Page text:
I'd love for CDs to be around as long as possible but don't think there will be demand. You can't download a vinyl record. CDs won't be able to compete with downloads, streaming and vinyl.
 

Oldfart

Well-known member
Nov 22, 2020
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Hi radioeg,
I have 45 SACDs. If you have a highly resolving system, you will have little difficulty in hearing the difference. Best described as more analogue, with better dynamic range and definition. 120 db vs 90 db vs maybe 70 for vinyl. As always, much depends on the recording. I have some BluRay audio discs, a single DVDa, and listen to hi res QoBuZ. Right now, I’m listening to CD quality Radio Paradise upscaled to 352.8 and it sound just lovely. Having bought my first CD player in 1984, I’m just delighted that all my digital sources no longer make me wince thanks to huge advances in DACs and filtering.
 

12th Monkey

Well-known member
Aug 31, 2015
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Even studies which suggest that proper testing shows a difference, and many do not, no-one seems to suggest the difference is that big. But who knows? I couldn't tell the difference between SACD and CD of the same mixes on different players - must do a comparison with hi res when I have a suitable streamer.

Super Audio CD - Wikipedia
 
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Oldfart

Well-known member
Nov 22, 2020
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Hi 12th monkey. Have been listening to full MQA tidal for nearly 2 years, now QoBuZ which some said was better. Both excellent to my ears. The app says 9216 bit rate. if you are listening to a violin, cello or piano guess it helps with harmonics and atmosphere. If modern digitised muzac favoured by my daughters, then won’t matter a damn, imho. Fabulous TV you have there based on my more compact versions.
 
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Wil

Well-known member
May 8, 2020
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Thanks. I'll be brief. Disregard physical CDs' future , expand your opinions about 16/44.1 vs your favoured 24/48 in (present/coming) the-age-of-streaming.
Sorry to hear about your arm. Hope it's not serious. And thank you for your kind wishes.

I'd love for CDs to be around as long as possible but don't think there will be demand. You can't download a vinyl record. CDs won't be able to compete with downloads, streaming and vinyl.
 
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bigfish786

Moderator
Jan 29, 2013
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I’ve tried a few SACD’s. A HDCD, some SHM-CD’s and the one thing that is common for them all is the production. If it’s good, it sounds good. And vice versa.
There’s not enough of a noticeable difference in improvements between any of them to be a success over redbook.
Doesn’t stop me enjoying them though. The SHM just sound like overdone remasters. So I don’t use them. I’ve got the original ones as well.
 
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Al ears

Moderator
Hi radioeg,
I have 45 SACDs. If you have a highly resolving system, you will have little difficulty in hearing the difference. Best described as more analogue, with better dynamic range and definition. 120 db vs 90 db vs maybe 70 for vinyl. As always, much depends on the recording. I have some BluRay audio discs, a single DVDa, and listen to hi res QoBuZ. Right now, I’m listening to CD quality Radio Paradise upscaled to 352.8 and it sound just lovely. Having bought my first CD player in 1984, I’m just delighted that all my digital sources no longer make me wince thanks to huge advances in DACs and filtering.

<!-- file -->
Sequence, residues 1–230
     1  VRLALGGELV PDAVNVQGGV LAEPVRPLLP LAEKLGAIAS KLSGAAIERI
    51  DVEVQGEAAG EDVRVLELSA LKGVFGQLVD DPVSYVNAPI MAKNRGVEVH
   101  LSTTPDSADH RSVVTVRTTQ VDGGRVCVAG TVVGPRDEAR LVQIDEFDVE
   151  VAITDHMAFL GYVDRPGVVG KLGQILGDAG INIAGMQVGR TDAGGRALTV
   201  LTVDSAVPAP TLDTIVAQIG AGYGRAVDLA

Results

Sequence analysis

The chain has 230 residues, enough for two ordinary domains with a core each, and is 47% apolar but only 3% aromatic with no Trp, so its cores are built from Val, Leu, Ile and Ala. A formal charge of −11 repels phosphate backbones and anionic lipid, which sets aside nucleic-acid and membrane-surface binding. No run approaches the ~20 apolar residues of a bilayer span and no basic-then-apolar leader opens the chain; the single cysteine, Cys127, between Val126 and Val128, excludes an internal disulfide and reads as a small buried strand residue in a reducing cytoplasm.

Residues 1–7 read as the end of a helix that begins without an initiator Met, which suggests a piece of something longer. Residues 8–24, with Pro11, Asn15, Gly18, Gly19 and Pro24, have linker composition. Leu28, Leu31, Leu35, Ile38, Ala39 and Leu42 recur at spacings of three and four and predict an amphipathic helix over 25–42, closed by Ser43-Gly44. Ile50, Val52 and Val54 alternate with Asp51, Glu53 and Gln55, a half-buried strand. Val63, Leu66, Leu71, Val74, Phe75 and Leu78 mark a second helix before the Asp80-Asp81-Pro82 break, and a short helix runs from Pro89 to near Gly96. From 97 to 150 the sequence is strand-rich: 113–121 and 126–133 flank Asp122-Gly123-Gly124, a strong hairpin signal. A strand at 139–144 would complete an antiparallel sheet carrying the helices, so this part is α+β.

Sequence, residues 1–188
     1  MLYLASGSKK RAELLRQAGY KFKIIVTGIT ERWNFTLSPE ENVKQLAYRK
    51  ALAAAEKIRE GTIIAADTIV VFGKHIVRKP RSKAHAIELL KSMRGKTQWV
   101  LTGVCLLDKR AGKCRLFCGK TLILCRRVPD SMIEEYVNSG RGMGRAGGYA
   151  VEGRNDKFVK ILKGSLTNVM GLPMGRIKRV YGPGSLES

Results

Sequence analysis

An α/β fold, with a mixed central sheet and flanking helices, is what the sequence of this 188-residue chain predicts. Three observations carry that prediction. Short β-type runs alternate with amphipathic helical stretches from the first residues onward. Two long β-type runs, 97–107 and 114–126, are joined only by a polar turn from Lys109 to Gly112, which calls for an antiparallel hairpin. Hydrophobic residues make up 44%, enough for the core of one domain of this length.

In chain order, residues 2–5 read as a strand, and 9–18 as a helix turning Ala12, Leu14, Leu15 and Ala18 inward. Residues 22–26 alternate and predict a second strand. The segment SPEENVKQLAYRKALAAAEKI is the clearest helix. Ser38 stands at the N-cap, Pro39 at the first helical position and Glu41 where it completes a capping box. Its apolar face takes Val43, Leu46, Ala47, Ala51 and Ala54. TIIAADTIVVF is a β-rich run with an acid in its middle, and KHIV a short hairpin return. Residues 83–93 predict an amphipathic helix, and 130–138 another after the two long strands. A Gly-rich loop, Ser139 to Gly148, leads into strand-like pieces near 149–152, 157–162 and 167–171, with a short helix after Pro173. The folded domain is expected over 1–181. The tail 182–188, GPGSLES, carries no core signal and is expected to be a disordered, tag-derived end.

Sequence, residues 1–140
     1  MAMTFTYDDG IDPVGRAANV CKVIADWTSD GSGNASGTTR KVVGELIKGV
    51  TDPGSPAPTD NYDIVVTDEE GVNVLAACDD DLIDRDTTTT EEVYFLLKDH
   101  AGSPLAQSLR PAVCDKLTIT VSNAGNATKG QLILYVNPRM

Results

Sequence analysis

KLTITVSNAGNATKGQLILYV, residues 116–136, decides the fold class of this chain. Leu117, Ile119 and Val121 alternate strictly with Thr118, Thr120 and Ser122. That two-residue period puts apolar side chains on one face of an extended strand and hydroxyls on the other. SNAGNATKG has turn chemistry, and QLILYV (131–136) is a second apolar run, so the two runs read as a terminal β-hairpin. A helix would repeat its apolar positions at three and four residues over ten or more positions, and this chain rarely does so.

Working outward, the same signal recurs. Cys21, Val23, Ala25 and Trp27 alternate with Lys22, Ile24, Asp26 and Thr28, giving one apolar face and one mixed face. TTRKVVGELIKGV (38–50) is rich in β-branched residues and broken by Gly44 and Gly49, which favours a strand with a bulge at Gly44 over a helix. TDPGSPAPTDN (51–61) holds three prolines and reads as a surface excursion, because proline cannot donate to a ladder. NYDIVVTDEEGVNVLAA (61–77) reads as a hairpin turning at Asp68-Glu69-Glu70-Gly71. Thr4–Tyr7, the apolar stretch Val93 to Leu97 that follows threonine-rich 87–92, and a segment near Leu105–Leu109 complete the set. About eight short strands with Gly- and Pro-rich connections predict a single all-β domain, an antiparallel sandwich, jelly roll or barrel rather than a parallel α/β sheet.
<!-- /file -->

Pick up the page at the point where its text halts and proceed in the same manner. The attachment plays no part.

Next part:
Like you I have a similar number of SACDs or perhaps a few more. I don't have any DVDa and about 15 Bluray Audio.
All of the SACDs sound better than the CD layer however some of the Bluray audio sound pretty dire, purely I suspect to the quality of mastering and transfer to that format. The dynamic range certainly shows but what is more noticeable on my system is the increased soundstage both in depth and width. Don't ask me why but it's very apparent.
For what its worth I don't think I will be purchasing many more Bluray audio discs, surround sound or not.
 
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Oldfart

Well-known member
Nov 22, 2020
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Hi Al ears. Agree Have given up listening to BluRay Audios. Some of the mastering was dire, Bret overdone hf, Elton John soundstage, super tramp and Bob Marley OK, Some tracks on the Stones Grrr ok, others awful. Only played through Denon AV amp and strangely the DTS Masters sounded better than PCM. An expensive and disappointing format to my ears and hi res streaming makes it redundant and generally sounds much better.
Hi Gray,
mine is Oxygene J M Jarre bought in 2004. Had a 7.1 system back then and the best bit was the bird flying in circles around the room. Drove the cat nuts. I mostly listen to RP mellow mix, being of a certain age. Do end up skipping some tracks, a wonderful feature. If only you could skip Jeremy Vine!
Hi OP,
sorry for thread creep. There is yet another format in Japan. MQA CD. Luxman has launched a couple of players, the D 10x a snip @£14,999
 
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ThisIsJimmy

Well-known member
Nov 11, 2020
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Western Hi-Res music seems to be gravitating to 24bit/44.1Khz led by American music Artists.

Japanese Hi-Res mainstream is either 24bit/48khz or 24bit/96Khz. It makes me smile that in Japan you can buy some of the same western music off places like Mora or Recochoku at better bit rates than Western Hi Res music shops.

As for anything Hi-res I notice it truly sounds better if it's been recorded at the higher resolution formats rather than remastered. In that regard, their is an audible difference between CDs and Hi Res audio files (I own both of some Japanese Music)

In Japan the CD isn't going to die anytime soon. Especially when you look at how they release and market CDs in Japan with exclusive content. MQA CD doesn't surprise me. I've got some blue laser CDs here that they still churn out.